Rolling Stone - 3.5 stars out of 5 -- "The tension makes for a sexy record that sticks to some familiar themes: a woman wrestling with lovers and emotions, often with biblical allusions, liquid-courage assists and a near-violent intensity."
Entertainment Weekly - "[H]er voice remains a galactic force capable of swallowing entire planets whole."
Billboard - "[S]he hasn't stripped all the ornamentation from her cathedral of sound and become a folky confessional songwriter. But she is resorting less to abstract, lofty imagery and speaking with a more frank immediacy."
NME (Magazine) - "Overflowing with stately songwriting and lyrical craftsmanship, HOW BIG, HOW BLUE, HOW BEAUTIFUL makes for a restrained but joyful return..."
Paste (magazine) - "Welch finds clever ways to enrich her bewitching blend of alt-pop, soul and art-rock-wringing out her usual quota of widescreen melodrama, but without the overwrought theatricality that dragged down much of her previous work."
Recording information: 123 Studios, London, UK; Baltic Place, London, UK; Bedrock Rehearsal, Los Angeles; Church Studios, London, UK; Sarm Studio; The Lightship; The Pool, London, UK; Urchin Studios.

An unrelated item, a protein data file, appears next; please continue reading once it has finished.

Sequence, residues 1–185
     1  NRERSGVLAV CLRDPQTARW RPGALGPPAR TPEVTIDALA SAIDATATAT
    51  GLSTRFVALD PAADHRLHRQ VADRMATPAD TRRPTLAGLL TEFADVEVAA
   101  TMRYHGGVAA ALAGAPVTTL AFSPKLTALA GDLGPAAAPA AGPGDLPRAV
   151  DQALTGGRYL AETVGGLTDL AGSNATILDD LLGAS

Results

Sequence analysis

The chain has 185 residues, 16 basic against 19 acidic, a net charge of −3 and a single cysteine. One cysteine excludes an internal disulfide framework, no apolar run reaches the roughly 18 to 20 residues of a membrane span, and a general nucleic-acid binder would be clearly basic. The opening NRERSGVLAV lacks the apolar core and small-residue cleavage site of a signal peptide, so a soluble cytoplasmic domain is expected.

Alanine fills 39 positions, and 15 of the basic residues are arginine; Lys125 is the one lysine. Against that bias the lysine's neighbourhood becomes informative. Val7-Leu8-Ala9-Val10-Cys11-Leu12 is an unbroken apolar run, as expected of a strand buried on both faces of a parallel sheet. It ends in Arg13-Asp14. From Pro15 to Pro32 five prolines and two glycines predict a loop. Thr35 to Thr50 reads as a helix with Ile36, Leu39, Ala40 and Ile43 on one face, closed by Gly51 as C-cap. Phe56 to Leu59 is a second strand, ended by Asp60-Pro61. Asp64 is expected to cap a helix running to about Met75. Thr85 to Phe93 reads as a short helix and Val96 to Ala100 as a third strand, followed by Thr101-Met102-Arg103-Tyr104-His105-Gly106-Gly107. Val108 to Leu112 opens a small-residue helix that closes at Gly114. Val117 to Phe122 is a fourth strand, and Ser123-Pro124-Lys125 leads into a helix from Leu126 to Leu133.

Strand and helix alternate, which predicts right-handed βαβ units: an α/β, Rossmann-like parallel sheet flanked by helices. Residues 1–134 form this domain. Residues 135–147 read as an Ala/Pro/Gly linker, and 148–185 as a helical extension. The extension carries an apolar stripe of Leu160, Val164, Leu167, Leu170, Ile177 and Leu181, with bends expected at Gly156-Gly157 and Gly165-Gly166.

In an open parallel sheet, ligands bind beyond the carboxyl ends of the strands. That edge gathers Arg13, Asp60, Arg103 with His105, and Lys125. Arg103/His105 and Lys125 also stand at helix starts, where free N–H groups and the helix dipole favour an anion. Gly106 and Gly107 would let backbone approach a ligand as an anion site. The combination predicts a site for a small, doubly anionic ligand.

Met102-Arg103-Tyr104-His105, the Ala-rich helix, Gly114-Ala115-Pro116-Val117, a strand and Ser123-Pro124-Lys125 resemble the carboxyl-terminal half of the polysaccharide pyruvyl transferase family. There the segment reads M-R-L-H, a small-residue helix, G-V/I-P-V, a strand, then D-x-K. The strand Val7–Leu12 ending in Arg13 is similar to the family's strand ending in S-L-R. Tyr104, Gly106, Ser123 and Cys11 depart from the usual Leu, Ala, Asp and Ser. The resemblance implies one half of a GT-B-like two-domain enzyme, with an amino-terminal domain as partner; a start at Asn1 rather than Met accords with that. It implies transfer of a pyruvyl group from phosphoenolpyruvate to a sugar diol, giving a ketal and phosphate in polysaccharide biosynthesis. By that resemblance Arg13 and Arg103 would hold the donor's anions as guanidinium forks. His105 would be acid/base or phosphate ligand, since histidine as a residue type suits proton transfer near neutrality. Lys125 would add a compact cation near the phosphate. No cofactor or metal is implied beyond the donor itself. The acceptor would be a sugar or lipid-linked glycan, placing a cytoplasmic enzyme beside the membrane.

The much-anticipated third studio long-player from Florence Welch and her mechanically inclined companions, How Big, How Blue, How Beautiful arrives after a period of recalibration for the spirited English songtress. Arriving three-and-a-half years after 2011's well-received Ceremonials, the 11-track set, the first Florence + the Machine album to be produced by Markus Dravs (Arcade Fire, Coldplay), eschews some of the bombast and water- and death-fixated metaphors of Lungs and Ceremonials in favor of a more restrained sonic scope and an honest reckoning with the dark follies of your late twenties. This change is most notable on the workmanlike opener "Ship to Wreck," a shimmering, open road-ready folk-rock rumination on the ambiguity/inevitability of post-fame self-destruction that, unlike prior first cuts like "Dog Days Are Over" and "Only If for a Night," feels firmly rooted in the now. The bluesy (and ballsy) "What a Man," the propulsive and purposeful "Delilah," and the gorgeous title track impress the most. Instead of building to a fevered crescendo, as is the Flo-Machine way, the latter cut, a transcendent, slow-burning, chamber pop gem, dissolves into a simple and elegant, yet still goose-bump-inducing round of horns, and is breathtaking without knocking the wind out of you. ~ James Christopher Monger